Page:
15. Shibata A, Uzawa T, Nakashima Y, Ito M, Nakano Y, et al. (2013) Very rapid DNA-templated reaction for efficient signal amplification and its steady-state kinetic analysis of the turnover cycle. J Am Chem Soc 135: 14172-14178.
  16. Sadhu KK, Winssinger N (2013) Detection of miRNA in live cells by using templated RuII-catalyzed unmasking of a fluorophore. Chemistry 19: 8182-8189.
  17. Ranasinghe RT, Brown T (2005) Fluorescence based strategies for genetic analysis. Chem Commun 5487-5502.
  18. Venkatesan N, SeoYJ, Kim BH (2008) Quencher-free molecular beacons: a new strategy in fluorescence based nucleic acid analysis. Chem Soc Rev 37: 648-663.
  19. Marras SA, Kramer, FR, Tyagi S (2003) Genotyping SNPs with molecular beacons. Methods Mol Biol 212: 111-128.
  20. Toubanaki DK, Christopoulos TK, Ioannou PC, Flordellis CS (2009) Identification of single-nucleotide polymorphisms by the oligonucleotide ligation reaction: a DNA biosensor for simultaneous visual detection of both alleles. Anal Chem 81: 218-224.
  21. Krieg A, Laib S, Ruckstuhl T, Seeger S (2004) Fast detection of single nucleotide polymorphisms (SNPs) by primer elongation with monitoring of supercritical-angle fluorescence. Chem Bio Chem 5: 1680-1685.
  22. Cai J, Li X, Yue X, Taylor JS (2004) Nucleic acid-triggered fluorescent probe activation by the Staudinger reaction. J Am Chem Soc 126: 16324-16325.
  23. Pianowski ZL, Winssinger N (2007) Fluorescence-based detection of single nucleotide permutation in DNA via catalytically templated reaction. Chem Commun 3820-3822.
  24. Franzini RM, Kool ET (2008) 7-Azidomethoxy-coumarins as profluorophores for templated nucleic acid detection. Chembiochem 9: 2981-2988.
  25. Pianowski Z, Gorska K, Oswald L, Merten CA, Winssinger N (2009) Imaging of mRNA in live cells using nucleic acid-templated reduction of azidorhodamine probes. J Am Chem Soc131: 6492-6497.
  26. Furukawa K, Abe H, Hibino K, Sako Y, Tsuneda S, et al. (2009) Reductiontriggered fluorescent amplification probe for the detection of endogenous RNAs in living human cells. Bioconjug Chem 20:1026-1036.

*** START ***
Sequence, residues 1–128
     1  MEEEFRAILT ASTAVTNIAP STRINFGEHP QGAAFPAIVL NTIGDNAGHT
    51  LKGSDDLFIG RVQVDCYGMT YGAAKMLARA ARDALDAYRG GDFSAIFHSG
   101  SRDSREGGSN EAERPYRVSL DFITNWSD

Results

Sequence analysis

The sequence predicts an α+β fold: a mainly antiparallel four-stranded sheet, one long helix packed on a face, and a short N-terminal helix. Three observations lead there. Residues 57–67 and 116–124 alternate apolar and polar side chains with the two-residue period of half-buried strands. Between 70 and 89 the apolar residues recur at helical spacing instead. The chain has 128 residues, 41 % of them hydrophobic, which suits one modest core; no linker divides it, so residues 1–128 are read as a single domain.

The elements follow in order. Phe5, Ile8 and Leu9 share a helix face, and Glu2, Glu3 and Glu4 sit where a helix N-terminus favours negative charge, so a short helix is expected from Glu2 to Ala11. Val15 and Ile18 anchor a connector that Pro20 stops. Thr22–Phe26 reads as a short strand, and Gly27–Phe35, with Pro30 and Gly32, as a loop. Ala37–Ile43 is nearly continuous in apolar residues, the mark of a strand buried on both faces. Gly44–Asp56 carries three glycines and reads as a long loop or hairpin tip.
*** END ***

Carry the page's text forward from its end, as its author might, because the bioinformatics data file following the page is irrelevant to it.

27. Saneyoshi S, Ito Y, Abe H (2013) Long-lived luminogenic probe for detection of RNA in a crude solution of living bacterial cells. J Am Chem Soc 135: 13632-13635.
  28. Huang Y, Coull JM (2008) Diamine catalyzed hemicyanine dye formation from nonfluorescent precursors through DNA programmed chemistry. J Am Chem Soc130: 3238-3239.
  29. Franzini RM, Kool ET (2008) Organometallic activation of a fluorogen for templated nucleic acid detection.Org Lett 10: 2935-2938.
  30. Shibata A, Abe H, Ito M, Kondo Y, Shimizu S, et al. (2009) DNA templated nucleophilic aromatic substitution reactions for fluorogenic sensing of oligonucleotides. Chem Commun 6586-6588.
  31. Meguellati K, Koripelly G, Ladame S (2010) DNA-templated synthesis of trimethine cyanine dyes: a versatile fluorogenic reaction for sensing G-quadruplex formation. Angew Chem Int Ed 49: 2738-2742.
  32. Koripelly G, Meguellati K, Ladame S (2010) Dual sensing of hairpin and quadruplex DNA structures using multicolored peptide nucleic acid fluorescent probes. Bioconjugchem 21: 2103-2109.
  33. Benson RC, Kues HA (1977) Absorption and fluorescence properties of cyanine dyes. J Chem Eng Data 22: 379-383.